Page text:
CAA school mostly unknown to LSU, players, fans
J.C. Copeland confessed he didn’t know where Towson University is.
Barkevious Mingo admitted he had to look it up.
Certainly, they aren’t alone. Saturday’s game between LSU and Towson doesn’t exactly roil up the primordial passions of a deep-fried Southeastern Conference rivalry.
It’s more like mild curiosity at first sight.
Though there probably isn’t a Tigers fan who will be tuning in or turning out Saturday night who doesn’t think LSU will win, how many even know that Towson’s nickname is also the Tigers?
Here’s some basic info on Towson, LSU’s first-ever opponent from the Colonial Athletic Conference (CAA):
Two of Towson’s most well-known alumni, to Louisiana sports fans anyway, are New Orleans Saints assistant coach Joe Vitt (he played at Towson from 1974-77) and offensive tackle Jermon Bushrod (2003-06) who has been a Saint since 2007.
According to Towson sports information director Dan O’Connell, Bushrod drew scouts and coaches from about 20 teams leading up to the 2007 draft, but not the Saints. It wasn’t until former Towson coach Gordy Combs persuaded Vitt to have the Saints take a look at Bushrod that the team scouted him and eventually drafted him in the fourth round.
Other famous alumni include:
- John Schuerholz, Atlanta Braves team president (the Towson baseball park is named after him)
- Former NFL punter Sean Landeta
- Former NFL running back Dave Meggett
- Mike Rowe, host of the TV show “Dirty Jobs”
- Actor Charles S. Dutton (“Rudy,” “Gothika,” “Alien3”)
- Kevin Clash, the voice of Sesame Street’s Elmo
Towson completed the seventh-best turnaround in Football Championship Subdivision (FCS) history when it rebounded from a dismal 1-10 season in 2010 to go 9-3 in 2011.
The 7.5-game improvement is tied with three other schools, including Nicholls State in 1996.
Towson’s season included a second-round appearance in the NCAA Division I playoffs. The Tigers were the preseason favorite to win the CAA after being picked to finish last in the conference from 2008-11.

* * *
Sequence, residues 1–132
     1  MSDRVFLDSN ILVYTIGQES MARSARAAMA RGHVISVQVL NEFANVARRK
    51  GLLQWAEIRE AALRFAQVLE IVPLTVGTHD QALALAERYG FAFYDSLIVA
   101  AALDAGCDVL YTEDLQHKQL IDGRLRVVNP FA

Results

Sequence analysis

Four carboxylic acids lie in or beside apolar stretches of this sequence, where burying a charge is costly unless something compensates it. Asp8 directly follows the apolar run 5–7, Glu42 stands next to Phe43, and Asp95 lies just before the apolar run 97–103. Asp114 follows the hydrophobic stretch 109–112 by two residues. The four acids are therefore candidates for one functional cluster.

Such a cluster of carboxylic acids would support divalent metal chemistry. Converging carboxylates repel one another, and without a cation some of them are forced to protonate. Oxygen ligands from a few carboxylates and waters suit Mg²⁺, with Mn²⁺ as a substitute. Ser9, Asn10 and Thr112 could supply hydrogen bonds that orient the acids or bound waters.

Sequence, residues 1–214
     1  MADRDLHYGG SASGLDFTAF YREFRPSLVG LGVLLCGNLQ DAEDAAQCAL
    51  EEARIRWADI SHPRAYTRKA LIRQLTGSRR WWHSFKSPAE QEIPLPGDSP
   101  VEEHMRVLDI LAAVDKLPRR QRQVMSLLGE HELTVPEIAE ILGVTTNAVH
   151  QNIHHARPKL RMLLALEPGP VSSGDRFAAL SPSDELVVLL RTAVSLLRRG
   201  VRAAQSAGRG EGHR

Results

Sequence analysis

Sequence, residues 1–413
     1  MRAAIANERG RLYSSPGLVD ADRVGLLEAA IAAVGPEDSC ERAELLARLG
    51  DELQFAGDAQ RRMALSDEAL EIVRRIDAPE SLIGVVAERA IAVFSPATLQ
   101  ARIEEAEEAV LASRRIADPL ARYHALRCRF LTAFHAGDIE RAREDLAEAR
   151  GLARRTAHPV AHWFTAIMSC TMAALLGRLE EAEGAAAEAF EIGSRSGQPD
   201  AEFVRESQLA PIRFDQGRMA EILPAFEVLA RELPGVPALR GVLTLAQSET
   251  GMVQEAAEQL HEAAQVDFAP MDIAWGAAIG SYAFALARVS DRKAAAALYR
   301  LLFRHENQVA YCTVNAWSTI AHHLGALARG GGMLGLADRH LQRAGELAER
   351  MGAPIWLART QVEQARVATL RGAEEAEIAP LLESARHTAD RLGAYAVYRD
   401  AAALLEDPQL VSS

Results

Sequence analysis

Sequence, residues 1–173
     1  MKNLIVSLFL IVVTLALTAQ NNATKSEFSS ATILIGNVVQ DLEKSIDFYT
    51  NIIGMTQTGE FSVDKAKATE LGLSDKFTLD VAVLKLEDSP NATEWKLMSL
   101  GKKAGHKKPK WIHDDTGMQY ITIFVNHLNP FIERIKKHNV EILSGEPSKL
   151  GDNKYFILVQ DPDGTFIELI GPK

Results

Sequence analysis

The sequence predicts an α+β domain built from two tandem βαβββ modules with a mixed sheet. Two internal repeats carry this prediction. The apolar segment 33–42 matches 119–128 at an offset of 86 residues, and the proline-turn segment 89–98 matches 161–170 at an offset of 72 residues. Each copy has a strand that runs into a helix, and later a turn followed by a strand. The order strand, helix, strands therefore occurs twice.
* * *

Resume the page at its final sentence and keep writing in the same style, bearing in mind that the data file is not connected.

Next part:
Towson is located in Towson, Md., a near northside suburb of Baltimore.
Towson was founded in 1866 in Baltimore as State Normal School. It moved to Towson in 1915 and became State Teaches College in 1935. For decades, Towson has been the leading educator of teachers in Maryland.
If people around the country are familiar with Towson at all, it’s as Towson State. The school dropped the “State” in 1997.
Today, Towson has an enrollment of 21,464, making it the second-largest school in Maryland behind only the University of Maryland.
Legendary Baltimore Colts quarterback Johnny Unitas didn’t attend Towson — he went to Louisville. But the Hall of Famer developed close ties to Towson later in his life.
Unitas’ three children graduated from Towson — his son Chad played on the Towson golf team. Before his death on Sept. 11, 2002, Unitas worked as a fundraiser in the school’s development office, helping raise funds for the football/lacrosse stadium on campus that now bears his name.
The biggest attendance ever at Unitas Stadium was a capacity crowd of 11,196 last December for a NCAA Division I playoff game against Lehigh (alma mater of LSU athletic director Joe Alleva).
Thought it likely won’t be a totally packed house, the crowd to watch Saturday’s game in Tiger Stadium will by far be the largest ever for a Towson football game. The school record was 35,573 when the Tigers played at Maryland last Oct. 1.
T is for Transfer
Towson has become a haven for transfer players from FBC schools.
The Tigers have a total of 13 former FBC players on their roster, including cornerbacks Jordan Love (Georgia) and Ben Harvey (South Carolina) and backup quarterback Joe Brennan (Wisconsin).